Asthma deaths: an avoidable toll
Although health care in Spain could be considered among those in the highest standards of the world, and access to asthma medicines is virtually free, this condition still kills many more people that it should. According to Eurostat, asthma has been causing around one thousand deaths each year, from 2011 to 2019. This figure is higher than in France and much higher than in Italy (both countries with considerably more numerous populations). Most of those deaths could had probably been avoided. In fact, in the UK, an audit performed by the Royal College of Physicians and summarised in the National Review of Asthma Deaths (NRAD) in 2014, found that two-thirds of asthma deaths could have been prevented by better basic care (Chapter 4).
Apart from the general health care system, including family doctors and paediatricians in primary health care centres and specialists based in hospitals; scientific societies dealing with asthma, both in children and in adults, have been joined together for more than two decades, to provide the best possible and updated information on how to manage asthma. This effort is summarised in “Guía Española para el Manejo del Asma” (GEMA) (https://www.gemasma.com). Additionally, several isolated local initiatives to implement specific asthma plans have been launched in the past.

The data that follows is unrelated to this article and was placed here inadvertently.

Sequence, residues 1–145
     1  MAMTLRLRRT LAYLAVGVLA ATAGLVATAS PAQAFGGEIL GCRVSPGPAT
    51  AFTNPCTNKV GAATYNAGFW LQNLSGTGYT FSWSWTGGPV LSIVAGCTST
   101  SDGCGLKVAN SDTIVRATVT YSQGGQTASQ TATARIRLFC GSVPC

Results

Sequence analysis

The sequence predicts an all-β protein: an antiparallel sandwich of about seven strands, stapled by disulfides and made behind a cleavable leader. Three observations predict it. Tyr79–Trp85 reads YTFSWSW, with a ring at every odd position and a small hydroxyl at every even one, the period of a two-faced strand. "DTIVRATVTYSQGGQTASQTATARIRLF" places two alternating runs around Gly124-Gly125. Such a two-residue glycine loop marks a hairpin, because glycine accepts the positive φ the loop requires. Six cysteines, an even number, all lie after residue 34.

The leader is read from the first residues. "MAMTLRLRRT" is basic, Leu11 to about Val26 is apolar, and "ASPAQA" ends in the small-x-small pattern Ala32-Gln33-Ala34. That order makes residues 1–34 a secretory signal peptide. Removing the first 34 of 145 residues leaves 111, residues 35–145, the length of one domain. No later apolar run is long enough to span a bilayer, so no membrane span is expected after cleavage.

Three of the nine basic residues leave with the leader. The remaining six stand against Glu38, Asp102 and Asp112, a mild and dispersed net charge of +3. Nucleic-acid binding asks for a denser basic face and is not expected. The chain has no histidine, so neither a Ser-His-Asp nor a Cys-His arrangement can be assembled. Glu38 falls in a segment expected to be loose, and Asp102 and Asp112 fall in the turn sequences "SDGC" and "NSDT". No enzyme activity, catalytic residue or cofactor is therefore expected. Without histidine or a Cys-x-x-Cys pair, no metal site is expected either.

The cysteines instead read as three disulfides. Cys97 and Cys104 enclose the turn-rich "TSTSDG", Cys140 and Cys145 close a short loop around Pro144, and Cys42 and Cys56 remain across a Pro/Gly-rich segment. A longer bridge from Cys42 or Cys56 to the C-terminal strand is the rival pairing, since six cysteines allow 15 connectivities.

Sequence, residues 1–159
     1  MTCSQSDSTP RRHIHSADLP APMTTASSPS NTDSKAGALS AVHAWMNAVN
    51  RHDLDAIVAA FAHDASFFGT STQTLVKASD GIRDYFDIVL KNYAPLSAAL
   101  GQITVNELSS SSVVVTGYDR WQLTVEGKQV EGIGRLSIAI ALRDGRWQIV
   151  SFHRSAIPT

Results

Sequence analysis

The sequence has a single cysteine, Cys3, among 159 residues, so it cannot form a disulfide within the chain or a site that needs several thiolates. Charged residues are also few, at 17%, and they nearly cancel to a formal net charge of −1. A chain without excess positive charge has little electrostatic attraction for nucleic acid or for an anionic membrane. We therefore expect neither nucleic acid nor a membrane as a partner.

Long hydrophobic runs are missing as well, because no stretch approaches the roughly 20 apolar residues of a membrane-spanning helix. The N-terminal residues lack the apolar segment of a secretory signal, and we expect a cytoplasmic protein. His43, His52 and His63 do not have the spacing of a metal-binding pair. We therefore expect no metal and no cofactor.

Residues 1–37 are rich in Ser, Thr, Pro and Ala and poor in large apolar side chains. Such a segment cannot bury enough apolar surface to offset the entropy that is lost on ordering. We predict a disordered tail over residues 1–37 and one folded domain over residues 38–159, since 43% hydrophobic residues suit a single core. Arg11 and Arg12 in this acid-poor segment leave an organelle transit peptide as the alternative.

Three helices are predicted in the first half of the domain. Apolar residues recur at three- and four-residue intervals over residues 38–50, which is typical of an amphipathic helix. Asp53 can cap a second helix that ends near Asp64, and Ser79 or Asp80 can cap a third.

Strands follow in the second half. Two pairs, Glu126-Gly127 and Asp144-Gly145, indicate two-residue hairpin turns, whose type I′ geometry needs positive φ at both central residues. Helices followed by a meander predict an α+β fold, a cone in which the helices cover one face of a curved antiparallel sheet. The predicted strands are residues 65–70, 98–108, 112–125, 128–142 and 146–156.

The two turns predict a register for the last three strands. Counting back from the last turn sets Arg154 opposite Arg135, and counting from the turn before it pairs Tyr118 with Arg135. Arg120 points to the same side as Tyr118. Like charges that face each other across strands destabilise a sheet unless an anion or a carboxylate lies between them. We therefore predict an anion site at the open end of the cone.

What might be the problem?
So, if all the necessary instruments are there, what might be the problem? Probably coordination and awareness of the importance of the disease are the main problems. Having 16 different regional authorities does not help the coordination. Awareness should be easy to achieve as, according to the last GAN survey, the prevalence of asthma-related symptoms in children 6-7 and 13-14 years of age and adults are, respectively, 10.4%, 15.3% and 13.7%. If more than 10% of the population (more than five million people in the country) has asthma, how can this be ignored by health authorities? Probably because the death rate among asthmatics is low: as low as the number of deaths from traffic accidents.
How this can be improved?
Improving awareness and information about asthma among health care professionals and patients to achieve better treatment adherence is crucial: a national asthma programme, like that of Finland, would be a great advance not only to decrease the death toll but also to reduce the cost of the disease.